Kansas guitarist Rich Williams believes “there’s no money in making records anymore”
“I’d say, to make an album, you have to really want to do it, because there’s no payoff in doing it.”
Image: Daniel Knighton / Getty Images
Rich Williams, guitarist of prog-rock outfit Kansas, has claimed that releasing records won’t make you money in today’s world.
- READ MORE: Ben Howard: “My guitar playing has always been a kind of car crash of whatever suits me and whatever use I can get out of it.”
In a recent interview with Radio Artifact, William says it’s tough for bands — even ones of Kansas’ calibre — to earn money from making new albums, adding that the payoff musicians get from doing so these days comes mostly in the form of non-financial rewards.
“Obviously, there’s no money in making records anymore,” says the guitarist [via Killer Guitar Rigs]. “Hard product is not much of a market anymore. You have your audiophiles who like to collect the vinyl, but that’s not a major recoup, the money it costs just in making it.”
Referencing the rise of music streaming, specifically, Williams says “Mostly it’s all downloads, Spotify type of things. They have found a way of monetizing that to an extent, but it’s nothing like it was pre-internet.”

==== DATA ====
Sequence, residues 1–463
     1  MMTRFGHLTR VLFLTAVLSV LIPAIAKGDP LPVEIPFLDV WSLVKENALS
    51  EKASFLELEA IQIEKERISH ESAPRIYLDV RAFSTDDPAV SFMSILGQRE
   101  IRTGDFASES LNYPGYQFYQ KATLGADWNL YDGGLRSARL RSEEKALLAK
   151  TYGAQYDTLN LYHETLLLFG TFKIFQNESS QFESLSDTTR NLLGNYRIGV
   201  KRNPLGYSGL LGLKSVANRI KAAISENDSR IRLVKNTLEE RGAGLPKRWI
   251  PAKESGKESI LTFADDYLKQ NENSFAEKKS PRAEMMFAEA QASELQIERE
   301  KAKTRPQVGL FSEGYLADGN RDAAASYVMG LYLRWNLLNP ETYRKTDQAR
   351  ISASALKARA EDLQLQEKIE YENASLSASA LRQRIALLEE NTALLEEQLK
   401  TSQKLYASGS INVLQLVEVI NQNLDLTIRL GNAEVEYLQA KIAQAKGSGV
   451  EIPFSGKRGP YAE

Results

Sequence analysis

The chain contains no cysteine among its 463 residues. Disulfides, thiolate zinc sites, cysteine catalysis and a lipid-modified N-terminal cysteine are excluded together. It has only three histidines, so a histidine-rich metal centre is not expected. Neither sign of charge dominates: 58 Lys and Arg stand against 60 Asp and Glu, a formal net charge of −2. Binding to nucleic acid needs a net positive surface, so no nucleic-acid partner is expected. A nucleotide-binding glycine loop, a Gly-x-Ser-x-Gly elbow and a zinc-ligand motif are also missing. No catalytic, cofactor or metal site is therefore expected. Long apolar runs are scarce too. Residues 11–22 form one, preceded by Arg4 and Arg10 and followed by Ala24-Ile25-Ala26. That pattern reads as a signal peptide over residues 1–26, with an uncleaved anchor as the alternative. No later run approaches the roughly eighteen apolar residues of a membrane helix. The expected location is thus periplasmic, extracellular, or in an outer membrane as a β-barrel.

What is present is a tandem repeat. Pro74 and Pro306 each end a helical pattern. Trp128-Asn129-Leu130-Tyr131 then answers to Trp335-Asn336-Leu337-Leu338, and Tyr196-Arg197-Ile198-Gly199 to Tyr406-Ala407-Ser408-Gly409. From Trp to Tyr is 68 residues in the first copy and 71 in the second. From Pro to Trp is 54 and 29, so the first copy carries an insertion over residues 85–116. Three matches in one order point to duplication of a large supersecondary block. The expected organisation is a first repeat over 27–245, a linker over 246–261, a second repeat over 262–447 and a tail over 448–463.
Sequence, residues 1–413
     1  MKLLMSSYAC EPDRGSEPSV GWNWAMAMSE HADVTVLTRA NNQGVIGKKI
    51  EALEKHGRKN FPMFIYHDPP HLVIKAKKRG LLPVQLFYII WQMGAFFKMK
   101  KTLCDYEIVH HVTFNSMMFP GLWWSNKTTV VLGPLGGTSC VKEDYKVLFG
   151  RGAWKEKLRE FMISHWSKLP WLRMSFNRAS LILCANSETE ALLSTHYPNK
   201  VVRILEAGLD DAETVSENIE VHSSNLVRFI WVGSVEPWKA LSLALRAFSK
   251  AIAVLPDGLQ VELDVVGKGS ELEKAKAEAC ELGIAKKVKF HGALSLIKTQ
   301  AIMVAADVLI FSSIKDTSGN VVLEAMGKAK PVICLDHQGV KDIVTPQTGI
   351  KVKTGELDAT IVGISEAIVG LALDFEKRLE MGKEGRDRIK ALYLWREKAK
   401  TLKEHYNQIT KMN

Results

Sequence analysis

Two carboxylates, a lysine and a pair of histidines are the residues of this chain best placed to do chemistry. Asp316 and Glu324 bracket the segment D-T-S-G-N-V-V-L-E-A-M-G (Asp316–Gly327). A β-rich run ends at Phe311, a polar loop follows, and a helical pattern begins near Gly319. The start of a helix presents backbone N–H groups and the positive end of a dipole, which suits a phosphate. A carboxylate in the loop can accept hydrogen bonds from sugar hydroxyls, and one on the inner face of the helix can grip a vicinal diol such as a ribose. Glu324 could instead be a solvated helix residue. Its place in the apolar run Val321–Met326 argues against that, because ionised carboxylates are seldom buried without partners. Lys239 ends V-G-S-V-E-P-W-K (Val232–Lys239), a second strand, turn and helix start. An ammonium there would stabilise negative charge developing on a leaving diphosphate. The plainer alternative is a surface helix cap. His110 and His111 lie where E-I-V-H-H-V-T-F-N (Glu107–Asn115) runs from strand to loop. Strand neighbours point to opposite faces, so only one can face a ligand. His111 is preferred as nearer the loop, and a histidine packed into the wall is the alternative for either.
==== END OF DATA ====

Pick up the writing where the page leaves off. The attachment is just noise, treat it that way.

“I’d say, to make an album, you have to really want to do it, because there’s no payoff in doing it, other than, again, scratching the creative itch and remaining relevant to your fans, those are very important things.”
He continues: “But you’re also taking yourself out of the market, and the fun part, which is being on the road and performing. That’s the joy of it all, that’s the payoff. The recording process is… sometimes it’s long, and painful, and boring, and all of that. Whereas, again, live is where it’s always been at.”
In related news, Cradle of Filth frontman Dani Filth has recently commented on how difficult it is for modern musicians to monetise their creative output, particularly with the “onset of music streaming platforms that don’t pay anybody”.
“It’s very hard for bands at the moment. But it doesn’t help when people just have this in-built idea that it’s not a privilege to get music, that music is something that should be given away free,” he said. “I mean, I don’t walk into someone’s shop and just pick up – I don’t know – a pack of bananas and say, ‘Well, these grow on trees. They should be free. I’m walking out with these.’ I’d be arrested for shoplifting.”
“But it’s fine for people to download… Even before albums are out, you find fans, like, ‘Oh, I’ve got a link to it,’ and they put it up, and then instantly any sales you’re gonna get from people buying it for a surprise are out the window because they’ve already heard it and then they just move on to the next thing.”